Jay, without some valid answers to the questions you pose, the buyer should walk! Enjoy your day!

Posted by Wayne Martin, Real Estate Broker - Retired (Wayne M Martin) about 5 years ago

This is not an uncommon decision in Virginia, Wayne.  Here one has to be very careful.

Posted by Jay Markanich, Home Inspector - servicing all Northern Virginia (Jay Markanich Real Estate Inspections, LLC) about 5 years ago

Yikes - red flags for sure.

NJ is a full disclosure state so there is (theoretically) less mystery, although we've certainly encountered our share of attempts to deceive.

Posted by Wayne and Jean Marie Zuhl, The Last Names You'll Ever Need in Real Estate (Samsel & Associates) about 5 years ago

W&J - what if the seller discloses incorrect info?  Or claims not to know anything?  A Flipper could surely say he knows no history and knows of no problems.

Posted by Jay Markanich, Home Inspector - servicing all Northern Virginia (Jay Markanich Real Estate Inspections, LLC) about 5 years ago

Good morning Jay,

Hope they are not waiting for he next rain to find out!

As to disclosure from a rehabber here they would just puy unk (unknown) haha!

Make yourself a great day.

Posted by Raymond E. Camp, Licensed Real Estate Salesperson Greater Rochester (Howard Hanna Real Estate Services) about 5 years ago

I suggested they return after the next big rain, Raymond, but within the contract period it did not rain!

Posted by Jay Markanich, Home Inspector - servicing all Northern Virginia (Jay Markanich Real Estate Inspections, LLC) about 5 years ago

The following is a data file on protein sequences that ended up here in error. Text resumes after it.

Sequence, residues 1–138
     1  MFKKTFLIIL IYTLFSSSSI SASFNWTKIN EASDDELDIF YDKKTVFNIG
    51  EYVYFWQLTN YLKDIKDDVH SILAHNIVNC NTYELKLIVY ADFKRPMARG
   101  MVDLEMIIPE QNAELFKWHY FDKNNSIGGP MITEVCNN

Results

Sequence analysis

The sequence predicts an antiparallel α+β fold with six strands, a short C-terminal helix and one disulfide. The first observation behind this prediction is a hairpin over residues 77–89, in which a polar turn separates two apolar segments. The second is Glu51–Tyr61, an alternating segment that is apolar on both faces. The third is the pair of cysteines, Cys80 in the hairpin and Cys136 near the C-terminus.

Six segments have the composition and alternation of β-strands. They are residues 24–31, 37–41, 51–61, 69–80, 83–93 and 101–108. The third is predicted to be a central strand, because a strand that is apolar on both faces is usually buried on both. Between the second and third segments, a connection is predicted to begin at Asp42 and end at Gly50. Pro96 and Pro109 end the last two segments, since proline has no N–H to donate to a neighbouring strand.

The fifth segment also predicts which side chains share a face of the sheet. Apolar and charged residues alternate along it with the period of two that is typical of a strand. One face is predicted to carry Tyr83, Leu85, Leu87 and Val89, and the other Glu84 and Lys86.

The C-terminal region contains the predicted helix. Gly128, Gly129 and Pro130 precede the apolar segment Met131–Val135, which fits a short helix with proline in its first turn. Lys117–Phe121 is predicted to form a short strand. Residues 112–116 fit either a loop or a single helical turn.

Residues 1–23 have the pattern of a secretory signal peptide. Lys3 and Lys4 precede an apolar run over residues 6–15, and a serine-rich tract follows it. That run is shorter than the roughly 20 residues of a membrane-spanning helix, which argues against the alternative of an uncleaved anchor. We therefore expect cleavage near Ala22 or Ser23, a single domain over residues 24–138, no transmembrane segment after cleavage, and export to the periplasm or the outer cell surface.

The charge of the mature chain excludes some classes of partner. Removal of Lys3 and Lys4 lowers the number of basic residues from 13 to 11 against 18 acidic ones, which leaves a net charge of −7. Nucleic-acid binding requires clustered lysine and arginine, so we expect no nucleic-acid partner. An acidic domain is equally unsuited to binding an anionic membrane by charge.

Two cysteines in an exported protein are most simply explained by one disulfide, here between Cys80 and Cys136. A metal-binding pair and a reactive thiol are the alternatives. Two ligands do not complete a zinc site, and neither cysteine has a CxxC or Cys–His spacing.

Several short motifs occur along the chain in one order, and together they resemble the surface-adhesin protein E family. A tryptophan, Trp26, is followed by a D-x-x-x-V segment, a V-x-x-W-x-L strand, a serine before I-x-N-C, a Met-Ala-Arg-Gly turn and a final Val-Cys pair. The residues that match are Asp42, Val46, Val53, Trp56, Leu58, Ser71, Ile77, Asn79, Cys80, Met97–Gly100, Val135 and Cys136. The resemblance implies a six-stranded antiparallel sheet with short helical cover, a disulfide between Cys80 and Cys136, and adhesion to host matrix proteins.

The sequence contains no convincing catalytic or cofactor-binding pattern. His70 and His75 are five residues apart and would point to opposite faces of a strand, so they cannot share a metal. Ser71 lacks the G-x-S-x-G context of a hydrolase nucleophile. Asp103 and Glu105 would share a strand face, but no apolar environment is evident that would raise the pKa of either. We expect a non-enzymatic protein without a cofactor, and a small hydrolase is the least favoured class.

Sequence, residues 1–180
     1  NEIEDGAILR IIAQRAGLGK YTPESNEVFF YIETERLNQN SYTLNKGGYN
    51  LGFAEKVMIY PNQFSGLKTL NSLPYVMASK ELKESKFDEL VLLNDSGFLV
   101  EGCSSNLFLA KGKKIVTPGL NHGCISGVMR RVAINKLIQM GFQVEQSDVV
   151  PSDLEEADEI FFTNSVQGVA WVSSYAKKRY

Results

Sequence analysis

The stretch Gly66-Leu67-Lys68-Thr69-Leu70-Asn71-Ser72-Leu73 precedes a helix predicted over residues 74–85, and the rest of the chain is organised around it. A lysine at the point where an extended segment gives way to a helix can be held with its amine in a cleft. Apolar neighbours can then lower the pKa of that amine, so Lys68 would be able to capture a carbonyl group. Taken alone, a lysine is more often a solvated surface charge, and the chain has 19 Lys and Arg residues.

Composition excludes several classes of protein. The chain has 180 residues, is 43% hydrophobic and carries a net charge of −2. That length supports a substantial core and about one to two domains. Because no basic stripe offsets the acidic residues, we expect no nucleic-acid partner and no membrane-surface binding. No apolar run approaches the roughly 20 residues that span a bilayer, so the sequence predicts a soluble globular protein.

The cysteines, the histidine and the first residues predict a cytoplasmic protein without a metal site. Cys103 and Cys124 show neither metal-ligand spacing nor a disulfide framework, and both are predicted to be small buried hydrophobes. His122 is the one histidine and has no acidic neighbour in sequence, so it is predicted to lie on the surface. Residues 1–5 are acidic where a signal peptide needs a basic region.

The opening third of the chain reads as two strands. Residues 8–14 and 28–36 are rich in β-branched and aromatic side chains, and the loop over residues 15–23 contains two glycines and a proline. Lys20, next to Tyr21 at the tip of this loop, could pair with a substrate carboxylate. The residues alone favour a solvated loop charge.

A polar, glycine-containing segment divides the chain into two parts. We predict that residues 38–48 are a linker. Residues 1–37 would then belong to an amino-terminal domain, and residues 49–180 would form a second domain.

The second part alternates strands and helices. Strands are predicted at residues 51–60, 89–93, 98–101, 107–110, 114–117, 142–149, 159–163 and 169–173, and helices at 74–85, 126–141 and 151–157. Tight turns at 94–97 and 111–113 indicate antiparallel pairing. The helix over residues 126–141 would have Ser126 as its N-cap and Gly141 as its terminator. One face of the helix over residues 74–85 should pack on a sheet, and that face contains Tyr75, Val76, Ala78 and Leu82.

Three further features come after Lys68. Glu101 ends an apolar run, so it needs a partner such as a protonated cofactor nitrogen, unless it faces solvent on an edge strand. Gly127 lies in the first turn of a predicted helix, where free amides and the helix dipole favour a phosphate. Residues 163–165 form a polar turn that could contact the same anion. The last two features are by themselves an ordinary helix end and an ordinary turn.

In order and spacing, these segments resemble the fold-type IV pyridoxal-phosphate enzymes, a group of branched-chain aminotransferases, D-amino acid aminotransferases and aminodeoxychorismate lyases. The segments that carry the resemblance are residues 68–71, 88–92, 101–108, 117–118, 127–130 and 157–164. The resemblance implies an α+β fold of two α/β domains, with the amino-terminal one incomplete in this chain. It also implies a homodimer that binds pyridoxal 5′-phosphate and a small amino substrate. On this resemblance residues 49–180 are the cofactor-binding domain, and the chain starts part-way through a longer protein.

Jay Markanich So many tell-tale signs of concealment of a serious problem. I hope the buyer walked away from this property!

Posted by Sandy Padula and Norm Padula, JD, GRI, Presence, Persistence & Perseverance (HomeSmart Realty West & Lend Smart Mortgage, Llc.) about 5 years ago

Don't know S&N!  But information is crucial, if it can be obtained.

Posted by Jay Markanich, Home Inspector - servicing all Northern Virginia (Jay Markanich Real Estate Inspections, LLC) about 5 years ago

I think I may say, "Where was that other house you showed me located at?" Non-Disclosure would make me leary of any problems in the house!

Posted by Fred Hernden, CMI, Albuquerque area Master Inspector (Superior Home Inspections - Greater Albuquerque Area) about 5 years ago

Then you would be leary of every house in Virginia, Fred!

Kind of like me...

Posted by Jay Markanich, Home Inspector - servicing all Northern Virginia (Jay Markanich Real Estate Inspections, LLC) about 5 years ago

Seller disclosure??  HA!!

MD is a disclosure state too with a 4 page form for sellers to provide.

In all the years it's been around, since about 1994, I have never seen one completed in full or correctly.  

Yet, buyers rely on these things.

I prefer VA process where the seller's disclosure to buyers simply advises to GET A HOME INSPECTION.

Of course, if a listing agent knows of a defect, they must disclose.  How do they think that will work.

I'm laughing out loud.

Posted by Lenn Harley, Real Estate Broker - Virginia & Maryland (Lenn Harley, Homefinders.com, MD & VA Homes and Real Estate) about 5 years ago

There is no disclosure of anything really Lenn, even with a many-page form!  And the agent discloses?  Right...

Posted by Jay Markanich, Home Inspector - servicing all Northern Virginia (Jay Markanich Real Estate Inspections, LLC) about 5 years ago

Good catch Jay.  With this much recent work, you know the basement will be an indoor swimming pool after the next heavy rain.

Posted by Stephen Weakley (Nationwide Mortgage Services) about 5 years ago

Hard to tell Stephen, but I methinks this to be a big cover up.

Posted by Jay Markanich, Home Inspector - servicing all Northern Virginia (Jay Markanich Real Estate Inspections, LLC) about 5 years ago